Hawaii’s congressional delegation has fought for much of the past decade for a bill that would allow for the reorganization of a Native Hawaiian government and federal recognition of that government. Their prospects for success have never looked better with President Barack Obama saying he supports the measure, which a House panel reviewed Thursday morning.
    Rep. Doc Hastings of Washington, the ranking Republican on the House Natural Resources Committee, said legal precedent “cast a larger shadow than ever before on the doubtful proposition that Congress can and should extend recognition to a governing entity for Native Hawaiians.”
    Also, Gail Heriot, a member of the U.S. Commission on Civil Rights, said that granting ethnic Hawaiians tribal status for purposes of forming their own government would be comparable to letting Chicanos in the Southwest or Cajuns in Louisiana gain that same recognition.
    Supporters of the bill, including members of the state’s Congressional delegation, argued that a long line of legal cases have granted indigenous populations a special recognition and relationship with the U.S. They said that Native Hawaiians are the only indigenous group of people in the country without their own governing entity.
    “We’ve never viewed this as a race-based issue,” said Rep. Mazie K. Hirono, D-Hawaii, stressing that lawmakers from both parties in Hawaii support the measure.
    The legislation allowing for a Native Hawaiian government passed the House on two occasions, including most recently in October 2007, but it routinely has stumbled in the Senate. The Bush administration opposed the bill. Obama’s support has changed the political dynamic, however, and some supporters say they believe the bill can be passed before the year’s end.
    The bill would not automatically establish a Native Hawaiian government. Rather, it would provide a roadmap for how Native Hawaiians could organize such a government. Once established, the new government would negotiate with the state and the federal government over which assets the new government would own. Currently, the state administers 1.2 million acres of former monarchy land, and some of that land could revert to the new Native Hawaiian government.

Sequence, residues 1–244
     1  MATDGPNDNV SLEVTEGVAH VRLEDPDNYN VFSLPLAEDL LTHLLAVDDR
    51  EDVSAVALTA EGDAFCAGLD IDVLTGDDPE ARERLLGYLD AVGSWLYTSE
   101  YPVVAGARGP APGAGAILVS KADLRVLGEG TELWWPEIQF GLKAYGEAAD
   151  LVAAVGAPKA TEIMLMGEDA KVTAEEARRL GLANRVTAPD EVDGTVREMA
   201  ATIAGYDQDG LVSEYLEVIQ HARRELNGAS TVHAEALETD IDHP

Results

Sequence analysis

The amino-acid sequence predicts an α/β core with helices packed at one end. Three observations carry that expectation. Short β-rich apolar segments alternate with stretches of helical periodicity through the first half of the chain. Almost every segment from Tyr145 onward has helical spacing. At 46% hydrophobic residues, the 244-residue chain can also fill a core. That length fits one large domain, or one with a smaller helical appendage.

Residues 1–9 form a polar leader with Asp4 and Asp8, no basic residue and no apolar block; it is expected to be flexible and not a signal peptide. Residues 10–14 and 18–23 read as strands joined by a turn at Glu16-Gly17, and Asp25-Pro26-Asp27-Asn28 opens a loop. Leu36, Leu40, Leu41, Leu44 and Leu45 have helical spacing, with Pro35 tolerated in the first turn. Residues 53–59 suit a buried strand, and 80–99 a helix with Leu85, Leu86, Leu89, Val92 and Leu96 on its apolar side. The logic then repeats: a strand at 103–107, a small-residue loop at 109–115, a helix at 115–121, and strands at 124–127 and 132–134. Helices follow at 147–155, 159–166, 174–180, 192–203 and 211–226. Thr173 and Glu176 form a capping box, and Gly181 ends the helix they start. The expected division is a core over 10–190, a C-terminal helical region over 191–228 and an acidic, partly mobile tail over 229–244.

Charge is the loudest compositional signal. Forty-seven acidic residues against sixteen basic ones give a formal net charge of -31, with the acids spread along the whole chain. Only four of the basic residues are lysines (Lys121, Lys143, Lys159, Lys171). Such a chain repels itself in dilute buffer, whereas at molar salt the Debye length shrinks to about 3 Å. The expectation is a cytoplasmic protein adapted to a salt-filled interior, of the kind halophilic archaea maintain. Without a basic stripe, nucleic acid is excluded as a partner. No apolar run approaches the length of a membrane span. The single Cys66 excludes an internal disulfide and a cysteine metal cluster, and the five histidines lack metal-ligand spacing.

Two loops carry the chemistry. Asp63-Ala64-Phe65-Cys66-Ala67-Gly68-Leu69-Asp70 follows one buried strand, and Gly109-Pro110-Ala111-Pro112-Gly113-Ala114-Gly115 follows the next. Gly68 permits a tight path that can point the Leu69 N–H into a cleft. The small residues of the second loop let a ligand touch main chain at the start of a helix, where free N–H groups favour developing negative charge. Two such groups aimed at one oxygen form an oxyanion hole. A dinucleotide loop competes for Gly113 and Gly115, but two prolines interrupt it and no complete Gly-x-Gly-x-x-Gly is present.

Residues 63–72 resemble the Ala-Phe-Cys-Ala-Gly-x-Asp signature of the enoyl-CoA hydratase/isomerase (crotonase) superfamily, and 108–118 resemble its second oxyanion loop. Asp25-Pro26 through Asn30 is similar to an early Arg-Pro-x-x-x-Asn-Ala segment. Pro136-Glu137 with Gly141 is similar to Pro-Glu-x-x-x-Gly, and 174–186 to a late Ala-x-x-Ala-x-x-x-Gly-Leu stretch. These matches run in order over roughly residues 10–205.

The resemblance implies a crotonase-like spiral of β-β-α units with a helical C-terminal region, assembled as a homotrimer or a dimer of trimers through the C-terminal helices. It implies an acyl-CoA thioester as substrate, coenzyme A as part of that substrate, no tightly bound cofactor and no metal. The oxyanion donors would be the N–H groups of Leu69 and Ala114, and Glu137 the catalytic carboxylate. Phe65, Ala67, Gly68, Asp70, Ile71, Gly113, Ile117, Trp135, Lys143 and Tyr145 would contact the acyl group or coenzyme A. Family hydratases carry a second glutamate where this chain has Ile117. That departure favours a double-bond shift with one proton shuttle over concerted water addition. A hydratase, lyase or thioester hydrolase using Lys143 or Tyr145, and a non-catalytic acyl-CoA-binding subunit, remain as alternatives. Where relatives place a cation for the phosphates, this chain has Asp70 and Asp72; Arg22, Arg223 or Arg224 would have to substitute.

Rep. Neil Abercrombie, D-Hawaii, said it would allow Native Hawaiians a chance to manage land and assets as they see fit.
    “When the land wasn’t worth anything and there was no money, nobody cared,” Abercrombie said. “Now that the land is worth a considerable amount of money, now all of a sudden, everybody is interested.”
    In 2006, the U.S. Commission on Civil Rights recommended against passage of comparable legislation. The commission said it opposed any bill that would “discriminate on the basis of race or national origin and further subdivide the American people into discrete subgroups accorded varying degrees of privilege.”
    But Michael Yaki, a member of that commission, said little work went into the recommendation and that Congress should ignore it.
    He said a resolution apologizing for the U.S. government’s role in the overthrow of Queen Liliuokalani in 1893 also were never part of the commission’s review. In the end, he said that warnings of race-based government is spread simply to instill unwarranted fear and opposition to the bill.
    Rep. Nick Rahall, D-W.V., and the committee’s chairman, called the overthrow of the Kingdom of Hawaii in 1893 a dark chapter in U.S. history.
    “I can assure you that the committee will continue to press forward with re-establishment of a government-to-government relationship with the Native Hawaiians,” he said.

  2. admin
    June 12, 2009 at 4:06 am

    New interactive chart on the structure of the Akaka Bill